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New NATO Member’s Perspective on Afghanistan PDF Print E-mail
A roundtable was held on January 13, 2009 to discuss perspective of new NATO members on Afghanistan. Dr. Janos Tranyi, Director General of Hungarian Institute of International Affairs, was the main speaker while a select group of distinguished Pakistani scholars, security analysts, foreign policy experts and academician participated in the discussion. Former Secretary General of Foreign Affairs of Pakistan, and Member National Academic Council (NAC) of IPS, Mr. Akram Zaki, chaired the meeting.

Following the opening remarks of Director General IPS, Dr. Janos Tranyi said the North Atlantic Treaty Organization (NATO) and European Union (EU) are important for the countries like Hungary, Poland and Czech Republic.

“EU and US provided the window of opportunity for security and economic development of these States,” Mr. Tranyi maintained, noting that “Cold war was, in my view, a relatively more stable period” because of the deterrence available to every state against threats of adversaries.
Terrorist incident at one place had its consequences and effects somewhere else, Dr. Tranyi stressed. However, “listening to those who are directly affected by the problems and to understand the phenomenon from their perspective”  would be the best response to terrorist activities, he concluded.

Dr. Tranyi stressed. However, “listening to those who are directly affected by the problems and to understand the phenomenon from their perspective” would be the best response to terrorist activities, he concluded.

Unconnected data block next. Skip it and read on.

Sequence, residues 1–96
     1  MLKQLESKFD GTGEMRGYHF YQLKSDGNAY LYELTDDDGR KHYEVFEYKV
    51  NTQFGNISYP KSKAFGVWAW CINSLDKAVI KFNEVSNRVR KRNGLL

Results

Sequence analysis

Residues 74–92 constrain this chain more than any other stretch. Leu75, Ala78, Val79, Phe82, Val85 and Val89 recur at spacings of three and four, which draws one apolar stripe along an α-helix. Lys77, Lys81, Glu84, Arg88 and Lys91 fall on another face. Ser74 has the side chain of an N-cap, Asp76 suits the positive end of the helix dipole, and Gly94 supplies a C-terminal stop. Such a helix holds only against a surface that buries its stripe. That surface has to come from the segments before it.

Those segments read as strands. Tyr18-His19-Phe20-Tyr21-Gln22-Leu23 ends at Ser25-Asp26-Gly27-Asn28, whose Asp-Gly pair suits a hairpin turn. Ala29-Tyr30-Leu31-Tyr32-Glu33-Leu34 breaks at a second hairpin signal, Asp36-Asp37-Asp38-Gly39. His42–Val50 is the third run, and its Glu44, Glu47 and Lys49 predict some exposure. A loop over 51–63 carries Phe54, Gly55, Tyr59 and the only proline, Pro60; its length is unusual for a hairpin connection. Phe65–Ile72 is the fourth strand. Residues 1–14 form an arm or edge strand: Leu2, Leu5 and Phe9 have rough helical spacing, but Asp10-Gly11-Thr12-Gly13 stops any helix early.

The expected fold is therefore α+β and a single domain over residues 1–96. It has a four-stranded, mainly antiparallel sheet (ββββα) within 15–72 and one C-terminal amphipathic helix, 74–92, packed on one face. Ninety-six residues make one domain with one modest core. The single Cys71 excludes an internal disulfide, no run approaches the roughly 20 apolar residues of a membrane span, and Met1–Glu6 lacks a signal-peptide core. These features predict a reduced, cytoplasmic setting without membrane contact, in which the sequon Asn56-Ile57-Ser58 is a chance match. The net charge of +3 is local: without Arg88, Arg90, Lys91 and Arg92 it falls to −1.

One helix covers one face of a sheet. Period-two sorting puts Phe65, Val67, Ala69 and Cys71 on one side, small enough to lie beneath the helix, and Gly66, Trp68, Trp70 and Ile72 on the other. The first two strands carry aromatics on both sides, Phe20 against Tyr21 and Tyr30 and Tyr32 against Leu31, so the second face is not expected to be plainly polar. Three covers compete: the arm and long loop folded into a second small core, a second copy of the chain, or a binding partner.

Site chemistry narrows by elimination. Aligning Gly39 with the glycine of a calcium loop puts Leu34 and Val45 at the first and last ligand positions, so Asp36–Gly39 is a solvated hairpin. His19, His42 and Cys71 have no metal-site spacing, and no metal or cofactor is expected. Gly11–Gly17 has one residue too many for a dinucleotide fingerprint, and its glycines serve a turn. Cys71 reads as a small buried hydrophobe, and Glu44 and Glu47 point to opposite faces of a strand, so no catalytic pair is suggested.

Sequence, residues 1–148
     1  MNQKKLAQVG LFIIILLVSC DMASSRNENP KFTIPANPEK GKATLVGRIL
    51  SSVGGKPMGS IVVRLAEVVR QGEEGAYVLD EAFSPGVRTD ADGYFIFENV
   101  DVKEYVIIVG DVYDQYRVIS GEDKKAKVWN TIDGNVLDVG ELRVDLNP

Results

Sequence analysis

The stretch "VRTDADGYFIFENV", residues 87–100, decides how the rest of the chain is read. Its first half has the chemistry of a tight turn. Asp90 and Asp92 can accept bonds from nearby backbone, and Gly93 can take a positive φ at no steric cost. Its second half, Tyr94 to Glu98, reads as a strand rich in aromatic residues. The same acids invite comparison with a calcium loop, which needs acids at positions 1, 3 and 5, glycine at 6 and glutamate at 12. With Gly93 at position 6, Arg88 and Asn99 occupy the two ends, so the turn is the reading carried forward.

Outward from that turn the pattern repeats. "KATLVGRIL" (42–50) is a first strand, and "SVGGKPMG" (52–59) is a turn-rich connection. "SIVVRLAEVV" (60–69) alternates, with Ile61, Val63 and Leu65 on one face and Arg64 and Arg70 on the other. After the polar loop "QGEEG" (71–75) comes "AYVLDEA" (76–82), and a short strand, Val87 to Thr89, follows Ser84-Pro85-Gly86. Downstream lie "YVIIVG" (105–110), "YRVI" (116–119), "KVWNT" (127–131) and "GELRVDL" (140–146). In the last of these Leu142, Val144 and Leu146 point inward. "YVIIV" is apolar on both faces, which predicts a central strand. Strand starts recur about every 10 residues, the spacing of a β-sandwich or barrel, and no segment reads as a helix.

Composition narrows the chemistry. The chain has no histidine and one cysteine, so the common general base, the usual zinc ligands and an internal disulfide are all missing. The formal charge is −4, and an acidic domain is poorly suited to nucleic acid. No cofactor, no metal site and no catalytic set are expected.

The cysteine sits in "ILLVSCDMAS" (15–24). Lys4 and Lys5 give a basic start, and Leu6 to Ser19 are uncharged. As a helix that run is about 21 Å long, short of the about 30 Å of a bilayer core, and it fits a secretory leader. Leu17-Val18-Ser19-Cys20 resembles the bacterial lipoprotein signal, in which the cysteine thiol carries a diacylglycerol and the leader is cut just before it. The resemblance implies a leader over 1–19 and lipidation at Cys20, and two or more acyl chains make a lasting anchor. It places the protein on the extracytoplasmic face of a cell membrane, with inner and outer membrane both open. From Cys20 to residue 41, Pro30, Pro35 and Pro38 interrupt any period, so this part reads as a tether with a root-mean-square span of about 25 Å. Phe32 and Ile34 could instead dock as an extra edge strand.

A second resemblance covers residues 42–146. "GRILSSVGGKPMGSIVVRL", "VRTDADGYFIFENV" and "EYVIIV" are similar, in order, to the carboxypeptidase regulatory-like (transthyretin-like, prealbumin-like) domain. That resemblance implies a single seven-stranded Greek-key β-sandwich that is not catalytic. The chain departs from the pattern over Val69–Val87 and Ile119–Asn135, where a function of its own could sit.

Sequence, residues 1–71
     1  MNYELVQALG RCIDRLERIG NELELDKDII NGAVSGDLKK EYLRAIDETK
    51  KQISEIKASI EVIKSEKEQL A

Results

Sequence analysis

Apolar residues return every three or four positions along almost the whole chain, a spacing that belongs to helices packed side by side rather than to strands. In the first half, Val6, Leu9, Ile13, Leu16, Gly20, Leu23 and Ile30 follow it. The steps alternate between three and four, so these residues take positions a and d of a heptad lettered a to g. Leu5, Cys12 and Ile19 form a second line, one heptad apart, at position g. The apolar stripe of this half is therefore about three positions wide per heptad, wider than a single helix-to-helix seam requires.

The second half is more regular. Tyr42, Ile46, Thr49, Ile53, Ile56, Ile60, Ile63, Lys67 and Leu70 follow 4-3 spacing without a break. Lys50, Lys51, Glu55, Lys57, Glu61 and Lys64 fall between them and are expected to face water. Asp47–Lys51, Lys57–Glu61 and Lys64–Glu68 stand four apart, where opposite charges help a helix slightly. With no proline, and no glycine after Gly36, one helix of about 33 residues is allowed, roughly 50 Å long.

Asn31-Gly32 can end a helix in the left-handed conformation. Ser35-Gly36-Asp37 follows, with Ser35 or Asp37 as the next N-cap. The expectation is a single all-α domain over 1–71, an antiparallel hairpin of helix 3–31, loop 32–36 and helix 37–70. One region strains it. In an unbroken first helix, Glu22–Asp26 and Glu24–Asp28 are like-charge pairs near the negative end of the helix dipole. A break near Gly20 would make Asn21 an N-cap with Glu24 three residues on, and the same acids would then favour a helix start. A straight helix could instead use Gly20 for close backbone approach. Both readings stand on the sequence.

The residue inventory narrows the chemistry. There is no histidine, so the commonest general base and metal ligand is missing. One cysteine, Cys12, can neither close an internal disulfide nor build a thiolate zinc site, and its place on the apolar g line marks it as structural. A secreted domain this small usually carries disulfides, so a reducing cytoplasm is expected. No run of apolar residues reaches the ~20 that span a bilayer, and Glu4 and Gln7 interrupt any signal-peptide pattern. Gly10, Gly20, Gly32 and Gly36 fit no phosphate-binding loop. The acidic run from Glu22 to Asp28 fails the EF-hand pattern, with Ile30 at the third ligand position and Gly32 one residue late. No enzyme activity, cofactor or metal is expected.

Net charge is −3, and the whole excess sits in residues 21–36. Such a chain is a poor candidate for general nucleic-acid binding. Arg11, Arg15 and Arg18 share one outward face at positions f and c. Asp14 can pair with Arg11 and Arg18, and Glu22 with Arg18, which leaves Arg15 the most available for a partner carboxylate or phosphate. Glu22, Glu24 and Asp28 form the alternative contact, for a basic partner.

In open discussion,the experts thoroughly analyzed the causes as well as consequences of NATO operation in Afghanistan, highlighting that the policy of taking operation operations in Pakistan was against the norms of international politics and sovereignty of the country.
Participants underscored that “current terrorism is a cumulative result of lopsided policies of United States and unfortunately NATO seems to have become a tool or war machine in the hands of US warriors.”

Discussants almost unanimously advised an early but systematic exit of all foreign forces, maintaining that “occupying forces in Afghanistan had imposed a 'martial law' in Afghanistan; it instead needed an 'economic Martial Plan'.”

Concluding the meeting, coordinated by Naseer Ahmad Nawidi, Mr. Akram Zaki said that the world needed to understand that “security can only be ensured through peaceful cooperation and mutual trust. Afghans have never surrendered to guns and they never would,” he concluded.
 
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